The old and new worlds of information technology collided at the SHARE mainframe conference in Atlanta this week. Founded in 1955, SHARE bills itself as the oldest enterprise IT-centric user group on the planet – and from the buzz at the conference, many of the vendors as well as attendees have been in attendance for nearly that long.
Overall, however, the conference revealed a fault line of contradiction, as digital transformation-driven change breathed new life into many stories, while at the same time other vendors as well as attendees themselves languished in increasing irrelevance, as they remained content to focus on old ways of doing things.
Even well-known vendors like Oracle were content to pitch their tape storage technology – a remnant of Sun Microsystems’ acquisition of StorageTek in 2005, followed by Oracle’s acquisition of Sun in 2010. And Oracle wasn’t alone. Tape – yes, tape – was the talk at several vendors’ booths.
Various attempts to bring the mainframe into the 21st century were also on display, starting with Linux. The three primary flavors of Linux on the mainframe – Red Hat, SUSE, and Ubuntu – were all touting their wares, and IBM was hyping its all-Linux LinuxONE mainframe.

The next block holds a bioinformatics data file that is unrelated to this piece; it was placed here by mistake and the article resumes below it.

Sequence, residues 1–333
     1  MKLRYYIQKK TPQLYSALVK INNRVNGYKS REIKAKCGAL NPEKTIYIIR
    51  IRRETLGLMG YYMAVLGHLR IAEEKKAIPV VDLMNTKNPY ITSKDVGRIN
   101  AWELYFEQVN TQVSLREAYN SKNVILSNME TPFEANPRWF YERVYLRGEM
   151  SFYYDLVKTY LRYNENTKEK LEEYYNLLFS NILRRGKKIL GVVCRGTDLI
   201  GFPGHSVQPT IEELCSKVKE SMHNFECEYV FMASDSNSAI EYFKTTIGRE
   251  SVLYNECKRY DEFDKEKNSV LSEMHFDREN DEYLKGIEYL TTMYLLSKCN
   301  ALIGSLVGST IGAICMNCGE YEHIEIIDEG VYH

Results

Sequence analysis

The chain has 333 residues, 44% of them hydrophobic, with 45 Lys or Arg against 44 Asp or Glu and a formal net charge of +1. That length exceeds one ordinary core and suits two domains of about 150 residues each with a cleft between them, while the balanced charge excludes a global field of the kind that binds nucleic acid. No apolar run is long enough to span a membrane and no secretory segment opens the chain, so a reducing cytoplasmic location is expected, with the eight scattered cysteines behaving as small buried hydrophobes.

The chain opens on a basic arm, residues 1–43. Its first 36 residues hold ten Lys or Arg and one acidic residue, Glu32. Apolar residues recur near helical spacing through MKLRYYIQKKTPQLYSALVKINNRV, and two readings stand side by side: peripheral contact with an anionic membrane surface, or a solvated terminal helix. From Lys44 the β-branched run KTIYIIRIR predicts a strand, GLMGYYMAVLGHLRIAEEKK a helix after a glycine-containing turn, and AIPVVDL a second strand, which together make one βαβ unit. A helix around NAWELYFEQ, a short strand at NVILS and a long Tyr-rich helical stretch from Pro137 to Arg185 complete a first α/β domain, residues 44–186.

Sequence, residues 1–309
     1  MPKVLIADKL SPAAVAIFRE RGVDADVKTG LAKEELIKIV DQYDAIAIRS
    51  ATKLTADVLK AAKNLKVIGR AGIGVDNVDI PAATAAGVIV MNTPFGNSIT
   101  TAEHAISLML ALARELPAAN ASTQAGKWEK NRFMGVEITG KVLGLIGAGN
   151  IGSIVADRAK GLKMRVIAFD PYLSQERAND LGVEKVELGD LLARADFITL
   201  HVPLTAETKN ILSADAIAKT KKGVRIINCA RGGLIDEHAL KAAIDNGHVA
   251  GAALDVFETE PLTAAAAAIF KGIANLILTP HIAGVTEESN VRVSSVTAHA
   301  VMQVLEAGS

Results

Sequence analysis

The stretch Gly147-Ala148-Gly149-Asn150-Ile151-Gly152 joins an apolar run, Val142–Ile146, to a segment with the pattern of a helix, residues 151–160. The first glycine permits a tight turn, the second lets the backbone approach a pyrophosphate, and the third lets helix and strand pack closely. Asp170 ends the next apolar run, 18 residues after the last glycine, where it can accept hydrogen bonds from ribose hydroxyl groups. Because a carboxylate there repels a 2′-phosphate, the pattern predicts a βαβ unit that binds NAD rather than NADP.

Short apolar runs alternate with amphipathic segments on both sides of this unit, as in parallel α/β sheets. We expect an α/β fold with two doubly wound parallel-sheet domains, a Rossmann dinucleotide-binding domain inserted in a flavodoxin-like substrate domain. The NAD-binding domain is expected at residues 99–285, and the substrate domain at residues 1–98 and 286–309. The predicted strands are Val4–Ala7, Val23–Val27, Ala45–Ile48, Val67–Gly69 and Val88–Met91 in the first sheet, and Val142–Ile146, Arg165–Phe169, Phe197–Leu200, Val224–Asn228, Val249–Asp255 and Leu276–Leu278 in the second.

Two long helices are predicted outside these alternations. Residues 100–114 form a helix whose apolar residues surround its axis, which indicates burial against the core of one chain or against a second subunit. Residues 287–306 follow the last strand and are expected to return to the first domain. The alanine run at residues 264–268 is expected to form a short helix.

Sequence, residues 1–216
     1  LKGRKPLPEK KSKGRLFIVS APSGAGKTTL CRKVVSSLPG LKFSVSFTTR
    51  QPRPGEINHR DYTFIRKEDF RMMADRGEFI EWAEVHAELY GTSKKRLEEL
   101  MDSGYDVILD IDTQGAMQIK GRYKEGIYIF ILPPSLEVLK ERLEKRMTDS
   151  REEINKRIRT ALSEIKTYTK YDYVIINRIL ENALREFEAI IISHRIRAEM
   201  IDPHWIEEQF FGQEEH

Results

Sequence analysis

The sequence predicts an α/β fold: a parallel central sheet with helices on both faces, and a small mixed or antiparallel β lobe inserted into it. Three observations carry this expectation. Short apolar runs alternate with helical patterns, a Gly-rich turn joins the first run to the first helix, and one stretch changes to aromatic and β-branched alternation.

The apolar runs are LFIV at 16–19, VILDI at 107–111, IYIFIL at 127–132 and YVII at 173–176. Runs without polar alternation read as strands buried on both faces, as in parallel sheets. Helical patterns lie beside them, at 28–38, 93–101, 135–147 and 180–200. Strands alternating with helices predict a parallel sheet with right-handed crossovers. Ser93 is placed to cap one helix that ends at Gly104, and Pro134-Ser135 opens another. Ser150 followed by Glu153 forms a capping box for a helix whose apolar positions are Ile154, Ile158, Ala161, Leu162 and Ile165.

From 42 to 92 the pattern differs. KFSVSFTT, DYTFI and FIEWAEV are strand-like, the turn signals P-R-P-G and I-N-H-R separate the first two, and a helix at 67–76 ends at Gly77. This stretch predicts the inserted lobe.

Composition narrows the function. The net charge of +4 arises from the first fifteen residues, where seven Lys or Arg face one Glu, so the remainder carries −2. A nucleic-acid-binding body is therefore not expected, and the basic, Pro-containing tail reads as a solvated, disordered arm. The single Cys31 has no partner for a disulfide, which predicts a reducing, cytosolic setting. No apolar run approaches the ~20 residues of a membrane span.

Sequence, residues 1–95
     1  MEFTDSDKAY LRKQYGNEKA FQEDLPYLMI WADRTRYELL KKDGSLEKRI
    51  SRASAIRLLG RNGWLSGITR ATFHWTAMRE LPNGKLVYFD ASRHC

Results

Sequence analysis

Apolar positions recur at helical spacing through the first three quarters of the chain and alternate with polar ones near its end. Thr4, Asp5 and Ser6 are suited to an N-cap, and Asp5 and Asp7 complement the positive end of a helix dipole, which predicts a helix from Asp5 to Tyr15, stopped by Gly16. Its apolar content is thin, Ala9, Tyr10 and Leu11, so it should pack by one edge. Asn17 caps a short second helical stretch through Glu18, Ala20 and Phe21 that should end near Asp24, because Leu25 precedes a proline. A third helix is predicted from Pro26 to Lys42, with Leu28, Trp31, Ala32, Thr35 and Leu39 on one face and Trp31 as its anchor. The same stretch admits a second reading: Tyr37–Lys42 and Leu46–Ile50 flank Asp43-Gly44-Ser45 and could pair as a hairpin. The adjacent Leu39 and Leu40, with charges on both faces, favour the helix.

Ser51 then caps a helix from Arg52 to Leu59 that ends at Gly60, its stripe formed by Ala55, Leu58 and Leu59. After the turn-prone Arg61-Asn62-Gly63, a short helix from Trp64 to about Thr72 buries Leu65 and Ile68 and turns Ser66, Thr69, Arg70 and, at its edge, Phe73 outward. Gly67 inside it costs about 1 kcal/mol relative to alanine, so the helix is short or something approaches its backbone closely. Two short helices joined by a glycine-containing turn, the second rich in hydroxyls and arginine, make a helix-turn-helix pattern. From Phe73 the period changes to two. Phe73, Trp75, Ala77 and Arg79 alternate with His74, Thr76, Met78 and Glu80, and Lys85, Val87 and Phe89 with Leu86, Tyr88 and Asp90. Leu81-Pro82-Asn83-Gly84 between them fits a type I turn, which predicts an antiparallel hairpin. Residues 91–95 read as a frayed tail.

Follow the Buzzwords
Linux wasn’t the only modern terminology in evidence. Some vendors were touting cloudas having something to do with their products – although when pressed, they couldn’t differentiate between cloud and virtualization.
Another popular buzzword: REST. REST is a lightweight, web-centric approach to integrating software that is now well-established in the distributed computing world, but is still relatively novel in the mainframe context.
Pushing its RESTful wares: GT Software. “In production, American Airlines used a REST outbound call from the mainframe using GT Ivory,” according to Dusty Rivers, Director, z Systems Software, GT Software. Exposing mainframe functionality and data via RESTful interfaces is relatively straightforward, but outbound calls are trickier.
Yet, while some enterprises have achieved notable successes with Linux on mainframes, at SHARE the reaction to the open source operating system was mostly yawns, punctuated by occasional curiosity about whether this platform would be suitable for Blockchain deployments.